Based on a review of Koopman's version in Diapason, I'm not sure his effort can even be described as an attempted reconstruction. He doesn't use the Trauer-Ode (BWV 198) at all, but instead imagined himself in the position of a pupil of Bach in 1731 given the task of choosing appropriate music from Bach's earlier cantatas for Picander's libretto. He composed the recitatives himself (I don't know what he did with the turba choruses). The reviewer for Diapason was more than puzzled by the fact that the CD booklet doesn't even specify which cantata movements Koopman used. Presenting it as "St. Mark Passion, BWV 247, ed. Ton Koopman" seems completely unjustified. Not that I don't like Koopman in general, but to be honest, based on what I've read I fail to see what the point of his exercise is.

Jaime Jean wrote (March 23, 2000):
(To Tom Hens) Thanks for your interesting replies.


Markus Passion, reconstruction by Dr. Simon Heighes

Harry J. Steinman
wrote (April 6, 2000):
In anticipation of attending a performance of Koopman's reconstructed Markus Passion, I've been listening to the Brilliant Classics version, with the reconstruction done by Dr. Simon Heighes. (Roy Goodman, conductor with the European Union Baroque Orch and the Ring Ensemble of Finland; Brilliant Classics, 99049). (I don't expect the two to resemble each other, but I thought it would be a nice selection while I work.)

The Brilliant Classics recordings are wonderful for their price, but woeful in that there are no notes, no booklet. So I wonder, does anybody know anything either about this Dr. Heighes or about the reconstruction? Be interested in knowing anything about it!

PS I think I'll post this in the Cantata & Recordings list...so if you're a member of both lists, forgive the double-post!

Marie Jensen wrote (April 6, 2000):
(To Harry Steinman) My initial impression , just got the CD's a few days ago: The very strong english accent of the evangelist (Rogers Covey-Crump) spoils it all. Of course I will give the work a chance, I'm going to a Koopman show too and want to compare, but the evangelist is a very important part of a Bach passion.

Johan van Veen wrote (April 7, 2000):
(To Harry Steinman) Here is some information regarding this reconstruction.

First: Simon Heighes. Studied for his Doctorate at the University of Oxford, where in 1990 he presented a thesis on the music of Handel's contemporaries. He is lecturer and Director of Music and Queen's College, Oxford, and lectures, broadcasts and writes regularly on music of the 17th and 18th centuries. He is currently working on a study of Bach's parody technique in his Leipzig choral and orchestral works and editing a book on English music. (This information comes from the programme book of the 1993 Holland Early Music Festival, where his reconstruction of the St Mark Passion was performed under the direction of Roy Goodman.)

These are the programme notes of that performance:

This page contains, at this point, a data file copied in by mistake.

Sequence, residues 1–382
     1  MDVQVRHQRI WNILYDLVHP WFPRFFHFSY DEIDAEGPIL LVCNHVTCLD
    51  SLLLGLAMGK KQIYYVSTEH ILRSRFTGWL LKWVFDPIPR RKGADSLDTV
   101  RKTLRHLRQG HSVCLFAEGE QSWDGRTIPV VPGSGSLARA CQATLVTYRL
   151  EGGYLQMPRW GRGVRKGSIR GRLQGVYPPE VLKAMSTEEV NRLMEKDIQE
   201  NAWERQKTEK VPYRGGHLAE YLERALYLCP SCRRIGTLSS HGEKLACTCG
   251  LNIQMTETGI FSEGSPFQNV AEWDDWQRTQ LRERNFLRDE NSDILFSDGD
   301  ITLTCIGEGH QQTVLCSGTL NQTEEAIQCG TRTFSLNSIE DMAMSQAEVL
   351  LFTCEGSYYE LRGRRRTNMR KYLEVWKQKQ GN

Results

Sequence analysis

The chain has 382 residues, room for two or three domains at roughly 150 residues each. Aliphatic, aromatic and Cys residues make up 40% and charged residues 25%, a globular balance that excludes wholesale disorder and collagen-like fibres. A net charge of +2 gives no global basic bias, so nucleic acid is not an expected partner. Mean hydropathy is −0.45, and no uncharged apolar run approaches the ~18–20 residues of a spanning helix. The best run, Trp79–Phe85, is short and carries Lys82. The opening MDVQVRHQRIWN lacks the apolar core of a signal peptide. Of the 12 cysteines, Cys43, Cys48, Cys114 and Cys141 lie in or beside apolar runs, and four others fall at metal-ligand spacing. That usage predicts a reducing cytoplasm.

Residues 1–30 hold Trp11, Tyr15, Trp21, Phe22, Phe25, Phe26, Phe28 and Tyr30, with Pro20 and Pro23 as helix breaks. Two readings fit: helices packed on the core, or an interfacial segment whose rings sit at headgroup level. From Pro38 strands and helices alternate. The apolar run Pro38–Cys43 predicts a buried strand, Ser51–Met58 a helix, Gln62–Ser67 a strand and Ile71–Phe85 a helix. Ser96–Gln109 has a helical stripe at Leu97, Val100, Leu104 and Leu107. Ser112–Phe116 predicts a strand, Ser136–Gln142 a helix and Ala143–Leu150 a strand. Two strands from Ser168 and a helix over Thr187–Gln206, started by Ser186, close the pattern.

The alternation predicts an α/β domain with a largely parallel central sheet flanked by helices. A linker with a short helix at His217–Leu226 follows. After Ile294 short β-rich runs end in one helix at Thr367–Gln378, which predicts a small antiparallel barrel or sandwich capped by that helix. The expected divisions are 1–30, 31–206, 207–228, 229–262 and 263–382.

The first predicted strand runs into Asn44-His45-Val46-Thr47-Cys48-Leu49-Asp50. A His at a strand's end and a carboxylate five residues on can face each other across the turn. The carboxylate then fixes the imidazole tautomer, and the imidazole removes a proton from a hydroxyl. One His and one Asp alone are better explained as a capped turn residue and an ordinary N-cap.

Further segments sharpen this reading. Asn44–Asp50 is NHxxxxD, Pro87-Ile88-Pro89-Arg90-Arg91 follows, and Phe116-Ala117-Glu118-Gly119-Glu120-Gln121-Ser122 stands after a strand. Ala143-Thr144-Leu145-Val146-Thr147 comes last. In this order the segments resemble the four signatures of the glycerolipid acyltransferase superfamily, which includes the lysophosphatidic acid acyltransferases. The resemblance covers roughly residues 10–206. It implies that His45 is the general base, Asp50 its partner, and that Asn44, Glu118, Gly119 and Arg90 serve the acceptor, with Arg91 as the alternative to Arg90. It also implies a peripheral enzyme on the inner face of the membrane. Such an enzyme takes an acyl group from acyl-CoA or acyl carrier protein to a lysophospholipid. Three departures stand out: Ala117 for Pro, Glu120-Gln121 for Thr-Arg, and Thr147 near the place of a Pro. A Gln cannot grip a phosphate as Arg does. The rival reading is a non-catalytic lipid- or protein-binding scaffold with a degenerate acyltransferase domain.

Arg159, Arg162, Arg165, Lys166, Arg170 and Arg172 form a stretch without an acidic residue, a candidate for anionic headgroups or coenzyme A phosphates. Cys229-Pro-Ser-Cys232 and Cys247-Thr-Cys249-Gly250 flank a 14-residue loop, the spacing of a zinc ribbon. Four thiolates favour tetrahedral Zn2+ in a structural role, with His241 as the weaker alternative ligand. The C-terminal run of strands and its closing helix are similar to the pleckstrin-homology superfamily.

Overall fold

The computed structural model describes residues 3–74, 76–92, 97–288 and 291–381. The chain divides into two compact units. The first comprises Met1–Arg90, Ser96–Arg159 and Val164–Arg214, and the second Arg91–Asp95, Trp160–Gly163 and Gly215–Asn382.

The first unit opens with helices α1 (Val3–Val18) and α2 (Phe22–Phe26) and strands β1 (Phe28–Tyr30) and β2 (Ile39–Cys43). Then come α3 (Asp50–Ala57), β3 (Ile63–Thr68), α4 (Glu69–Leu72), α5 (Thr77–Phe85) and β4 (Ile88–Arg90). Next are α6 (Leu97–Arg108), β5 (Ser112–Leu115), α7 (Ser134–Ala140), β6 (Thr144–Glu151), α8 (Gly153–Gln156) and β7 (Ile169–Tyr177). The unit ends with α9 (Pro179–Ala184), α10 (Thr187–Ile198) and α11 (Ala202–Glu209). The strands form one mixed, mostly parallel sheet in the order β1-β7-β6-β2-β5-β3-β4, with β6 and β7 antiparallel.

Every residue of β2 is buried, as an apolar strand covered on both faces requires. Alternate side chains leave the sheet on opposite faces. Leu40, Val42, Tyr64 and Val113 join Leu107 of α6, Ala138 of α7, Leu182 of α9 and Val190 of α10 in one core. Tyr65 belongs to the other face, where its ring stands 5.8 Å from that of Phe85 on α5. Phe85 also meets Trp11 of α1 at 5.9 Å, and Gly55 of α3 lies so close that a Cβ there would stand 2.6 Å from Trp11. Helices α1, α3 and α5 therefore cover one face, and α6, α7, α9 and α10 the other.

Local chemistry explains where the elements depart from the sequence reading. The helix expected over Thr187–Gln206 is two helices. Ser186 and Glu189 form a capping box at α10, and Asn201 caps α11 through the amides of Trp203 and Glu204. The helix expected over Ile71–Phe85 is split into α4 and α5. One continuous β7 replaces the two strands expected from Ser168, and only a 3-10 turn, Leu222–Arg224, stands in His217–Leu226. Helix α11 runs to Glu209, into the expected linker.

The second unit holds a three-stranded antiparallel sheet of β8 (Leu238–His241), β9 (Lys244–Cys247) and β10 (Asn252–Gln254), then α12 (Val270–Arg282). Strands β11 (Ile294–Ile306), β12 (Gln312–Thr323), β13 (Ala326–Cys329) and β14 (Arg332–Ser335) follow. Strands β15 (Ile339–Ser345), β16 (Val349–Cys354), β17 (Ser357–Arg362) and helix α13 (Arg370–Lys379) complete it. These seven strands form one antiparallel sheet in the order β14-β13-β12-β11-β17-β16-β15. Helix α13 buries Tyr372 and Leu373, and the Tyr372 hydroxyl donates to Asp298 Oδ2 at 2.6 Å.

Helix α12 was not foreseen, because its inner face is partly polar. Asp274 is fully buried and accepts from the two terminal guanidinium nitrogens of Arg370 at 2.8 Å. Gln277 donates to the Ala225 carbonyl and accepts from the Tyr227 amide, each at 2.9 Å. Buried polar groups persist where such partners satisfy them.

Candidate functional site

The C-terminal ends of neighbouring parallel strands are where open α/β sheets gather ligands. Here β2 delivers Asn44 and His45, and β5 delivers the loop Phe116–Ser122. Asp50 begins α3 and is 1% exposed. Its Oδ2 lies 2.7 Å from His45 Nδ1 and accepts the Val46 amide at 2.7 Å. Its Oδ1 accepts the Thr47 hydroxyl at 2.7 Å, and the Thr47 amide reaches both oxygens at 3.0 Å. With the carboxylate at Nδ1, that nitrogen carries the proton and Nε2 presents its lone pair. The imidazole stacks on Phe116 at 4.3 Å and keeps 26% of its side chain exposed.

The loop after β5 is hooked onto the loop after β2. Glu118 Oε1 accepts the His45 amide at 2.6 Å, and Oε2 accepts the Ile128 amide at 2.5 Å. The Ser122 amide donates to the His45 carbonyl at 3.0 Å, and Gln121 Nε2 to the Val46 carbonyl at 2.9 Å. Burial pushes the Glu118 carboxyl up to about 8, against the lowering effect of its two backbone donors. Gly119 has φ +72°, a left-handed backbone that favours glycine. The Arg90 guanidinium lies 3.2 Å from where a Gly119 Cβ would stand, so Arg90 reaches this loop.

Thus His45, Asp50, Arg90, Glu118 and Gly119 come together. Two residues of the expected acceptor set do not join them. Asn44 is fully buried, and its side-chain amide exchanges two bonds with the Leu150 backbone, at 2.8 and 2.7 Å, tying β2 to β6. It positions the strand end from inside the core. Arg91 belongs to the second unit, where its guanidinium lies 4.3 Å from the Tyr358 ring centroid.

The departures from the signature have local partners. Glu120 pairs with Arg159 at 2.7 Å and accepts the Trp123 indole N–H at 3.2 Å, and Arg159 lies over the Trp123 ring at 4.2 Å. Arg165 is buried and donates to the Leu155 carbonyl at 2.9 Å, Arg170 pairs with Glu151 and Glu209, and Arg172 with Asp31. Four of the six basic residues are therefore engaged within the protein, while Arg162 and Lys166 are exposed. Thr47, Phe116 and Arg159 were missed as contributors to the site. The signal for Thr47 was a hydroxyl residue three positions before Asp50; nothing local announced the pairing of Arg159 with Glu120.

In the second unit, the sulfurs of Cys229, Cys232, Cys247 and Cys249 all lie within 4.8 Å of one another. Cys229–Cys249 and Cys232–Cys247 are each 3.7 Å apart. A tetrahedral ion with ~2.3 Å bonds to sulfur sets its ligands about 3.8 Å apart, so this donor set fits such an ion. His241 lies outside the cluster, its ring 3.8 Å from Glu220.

"Accordito his obituary, Bach compiosed five Passions. But only two of these (SMP and SJP) have survived intact. One of the five was almost certainly the single choir arrangement of SMP mentioned in the inventory of the library of CPhE Bach. The St Luke (BWV 246), long thought to be genuine, is now known to be a copy in Bach's hand of a work by an unknown contemporary. The St Mark Passion, however, was most certainly the work of JSB. The autograph manuscript of the St Mark Passion has been lost, though a copy of the score survived until as recently as 1945. Only the libretto, written by Picander, remains. Yet as early as the 1860's, Wilhelm Rust noticed that several of the stanzas mirrored the metrical structure and rhyme scheme of the main choruses and arias of Bach's Trauer-Ode (BWV 198). He concluded that Bach must have commisioned Picander to write the text of the St Mark Passion in such a way that the chief numbers of cantata BWV 198 could be incorporated into the new Passion with minimum alteration. This, it appears, was how the majority of the new Passion was constructed. From various cantatas Bach selected some of the finest arias and choruses he wished to re-use. From Picander's printed libretto we can see that Bach's third Passion consisted of two large-scale choruses which framed the work, six arias, sixteen chorales, and linking recitatives punctuated by short 'turbae' choruses. By matching Picander's parody texts with the poetic structure of likely cantata choruses and arias, Rust and more recently Friedrich Smend and Alfred Dürr have argued convincingly that the music for the opening and closing choruses and three arias were drawn from the Trauer-Ode (BWV 198), and that the alto aria "Falsche Welt" was a parody of the opening aria of cantata BWV 54. The identity of the two remaining arias is more difficult to establish. Although Smend claimed that the aria "Angenehmes Mordgeschrei" was irretrievably lost, I believe that the soprano aria "Himmlische Vergn Ögsamkeit" from cantata BWV 204 is a very likely candidate. For the final aria I have turned to the bass aria "Himmel reisse", which Bach composed for his revival of the SJP in 1725. This aria was later deleted when he revived the SJP in 1730. The chorales present far fewer problems. Harmonisations of all the required melodies are to be found in Bach's cantatas and CPhE Bach's collection of his father's homophonic choral works. The most serious obstacles to a complete reconstruction of the St Mark Passion are, of course, the settings of the Gospel texts (the recitatives and 'turba' choruses). I have borrowed the missing recitative and turba choruses from the St Mark Passion by Reinhard Keiser (1674-1739), a work which Bach performed on at least two occasions and which had a decisive impact on the recitative and and arioso in his own SMP. Of the three surviving sources for the Keiser Passion, two sets of parts are in Bach's hand; they differ considerably from a third independent copy, which suggests that Bach was not simply a passive copyist, but may have added a few 'improvements' of his own. Unfortunately, Keiser begins a little later in the Passion narrative than Bach. The required recitatives have therefore be composed afresh, and the second and third 'turbae' have been drawn from appropriate cantata choruses. Comparison with the SMP suggests that the use of arioso for the Institution of the Holy Eucharist is appropriate, and the music has been borrowed from cantata BWV 187. Simon Heighes"